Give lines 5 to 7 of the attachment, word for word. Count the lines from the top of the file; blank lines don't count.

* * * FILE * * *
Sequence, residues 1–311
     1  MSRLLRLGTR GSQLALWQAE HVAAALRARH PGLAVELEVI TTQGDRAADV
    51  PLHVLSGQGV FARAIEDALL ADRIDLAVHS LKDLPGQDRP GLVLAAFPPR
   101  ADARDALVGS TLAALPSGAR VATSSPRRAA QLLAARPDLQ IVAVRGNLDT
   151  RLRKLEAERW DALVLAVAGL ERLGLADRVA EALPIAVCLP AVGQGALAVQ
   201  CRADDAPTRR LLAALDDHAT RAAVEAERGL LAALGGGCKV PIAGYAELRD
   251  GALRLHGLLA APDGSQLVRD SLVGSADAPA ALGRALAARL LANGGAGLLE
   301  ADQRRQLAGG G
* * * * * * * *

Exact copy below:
   151  RLRKLEAERW DALVLAVAGL ERLGLADRVA EALPIAVCLP AVGQGALAVQ
   201  CRADDAPTRR LLAALDDHAT RAAVEAERGL LAALGGGCKV PIAGYAELRD
   251  GALRLHGLLA APDGSQLVRD SLVGSADAPA ALGRALAARL LANGGAGLLE